BAGHDAD — Soldiers fired in the direction of about 300 anti-government protesters who gathered Sunday in a suburb of the Iraqi capital Baghdad on the sixth straight day of unrest that has left more than 80 people dead.
The protests came after a bloody night in Baghdad, where 19 people were killed when security forces used live ammunition to break up the demonstrators. Baghdad has been at the center of protests that quickly spread to the country's south. At least 84 people have been killed, including more than 50 in Baghdad, since Tuesday.
The protests began with demands for jobs and an end to corruption, and now include calls for justice for those killed in the protests.
Iraq's Prime Minister Adel Abdul-Mahdi called on protesters to end their street rallies, saying late Saturday he was ready to meet with them to hear their demands. He said there were orders for the security forces not to use live ammunition, only allowed in strict cases of self-defense.
By Sunday afternoon, the protesters, mostly young men, were scattered in side streets near Sadr City.
Security forces have beefed up their presence in central Baghdad, deploying as far as Sadr city, about 4 kilometers (2.5 miles) away from Tahrir Square. The square, now sealed off, has been the center of the protests when they first erupted Tuesday.
Army troops blocked a main road preventing the protesters from advancing. Soldiers then fired toward the protesters to apparently push them back. After about an hour, there was more intense gunfire as protesters persisted in trying to advance.
Ducking in reaction to the fire, some protesters piled over one another trying to hide behind the short wall of a nearby water fountain.
One protester carrying a drum chanted "peaceful, peaceful," and others chanted along. As the gunfire continued, protesters set tires on fire to push the soldiers back.
Some protesters arrived in rickshaws, which have also been used by protesters to carry the wounded from the bloody clashes since Tuesday. A medical official, speaking on condition of anonymity because he was not authorized to speak to reporters, said five people were wounded, including some in the feet.
The unrest is the most serious challenge facing Iraq two years after the victory against Islamic State militants. The chaos also comes at a critical time for the government, which has been caught in the middle of increasing U.S.-Iran tensions in the region. Iraq is allied with both countries and hosts thousands of U.S. troops, as well as powerful paramilitary forces allied with Iran.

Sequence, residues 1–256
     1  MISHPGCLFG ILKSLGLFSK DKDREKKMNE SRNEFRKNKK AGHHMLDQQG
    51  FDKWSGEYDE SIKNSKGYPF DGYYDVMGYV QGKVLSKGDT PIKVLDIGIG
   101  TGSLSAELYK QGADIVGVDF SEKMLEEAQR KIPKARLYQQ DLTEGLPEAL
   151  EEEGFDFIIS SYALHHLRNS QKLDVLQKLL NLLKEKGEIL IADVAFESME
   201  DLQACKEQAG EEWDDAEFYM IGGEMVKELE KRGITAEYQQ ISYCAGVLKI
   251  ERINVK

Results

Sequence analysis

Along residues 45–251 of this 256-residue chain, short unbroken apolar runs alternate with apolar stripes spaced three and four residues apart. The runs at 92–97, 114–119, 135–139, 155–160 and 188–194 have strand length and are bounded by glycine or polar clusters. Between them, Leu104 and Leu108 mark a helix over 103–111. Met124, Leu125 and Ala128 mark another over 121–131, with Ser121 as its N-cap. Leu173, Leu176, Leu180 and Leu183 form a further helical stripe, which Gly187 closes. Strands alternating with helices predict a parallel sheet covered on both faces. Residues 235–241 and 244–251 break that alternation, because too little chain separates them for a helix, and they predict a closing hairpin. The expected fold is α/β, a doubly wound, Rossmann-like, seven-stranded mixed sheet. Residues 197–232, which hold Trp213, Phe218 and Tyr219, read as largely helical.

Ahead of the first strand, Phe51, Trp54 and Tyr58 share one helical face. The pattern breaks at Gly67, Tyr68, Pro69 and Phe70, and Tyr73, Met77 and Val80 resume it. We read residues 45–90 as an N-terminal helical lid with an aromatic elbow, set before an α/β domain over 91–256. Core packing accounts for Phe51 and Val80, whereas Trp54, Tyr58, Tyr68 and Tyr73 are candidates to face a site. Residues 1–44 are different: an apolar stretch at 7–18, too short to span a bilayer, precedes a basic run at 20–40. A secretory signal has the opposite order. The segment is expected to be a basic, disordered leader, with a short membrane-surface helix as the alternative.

The semiofficial Iraqi High Commission for Human Rights, affiliated with parliament, put the death toll up until early Saturday at 94 with nearly 4,000 people wounded.
The U.N. envoy for Iraq appealed for an end to the violence and called for holding to account those responsible. "This must stop. I call on all parties to pause and reflect," Jeanine Hennis-Plasschaert tweeted Saturday night.
Abdul-Mahdi said security forces are "trying to carry out their duties" and have also incurred casualties. He said the violence has been "reciprocated." He promised an investigation to determine who is firing live ammunition.
"We can't accept the continuation of the situation like this," Abdul-Mahdi told his Cabinet late Saturday in televised remarks. "We hear of snipers, firebombs, burning a policeman, a citizen." He added that "not a political party office" or government office has been spared attacks.
"I am ready to go wherever our brotherly protesters are and meet them or send them envoys to other locations without any armed forces," Abdul-Mahdi said. "I will go and meet them without weapons and sit with them for hours to listen to their demands."
In return, Abdul-Mahdi requested an end to the protests.
Abdul-Mahdi announced a list of executive decisions focusing on providing low-income housing, unemployment benefits and vocational training. He also decreed that those killed in the protests, whether demonstrators or security, would be considered "martyrs" eligible for state benefits.
Earlier on Sunday, Baghdad's streets were mostly quiet and traffic thin as an eerie calm prevailed. Students made it to schools and government employees returned to work. But burnt tires and debris littered thoroughfares while security remained heavily deployed in many neighborhoods.
Atheer Assem, a pizza restaurant owner, said he was able to shop Sunday, the start of the working week, for ingredients for his baked goods. But he said his clients have stopped coming to his shop because of the violence, even though it is in a neighborhood that has not witnessed any protests.
"The protests are making people afraid to go out," he said, estimating his sales to have dropped by 70 percent.
Protesters have defied an around-the-clock curfew and authorities blocking the internet. On Saturday, in the southern cities of Nasiriyah and Diwaniyah, protesters defied a curfew still in place there. Thousands in Nasiriyah marched to the offices of three political parties and a lawmaker, torching them. In Diwaniyah, at least one protester was killed.
On Saturday, masked gunmen in black cars and wearing black clothes stormed the offices of Al-Arabiya, a Saudi-owned pan-Arab news channel, beat up some of the employees and smashed equipment before they fled. The attack came after the station had received threats for several days.
Gunmen also attacked the offices of Iraq's private Dajla and NRT news channels, according to employees at the stations. Both of those privately owned stations have been covering the daily protests.
An official at NRT said her station is so damaged that they won't be able to broadcast any time soon. The attackers, said Sawra Abdul-Wahab, stole $250,000, laptop computers and mobile phones.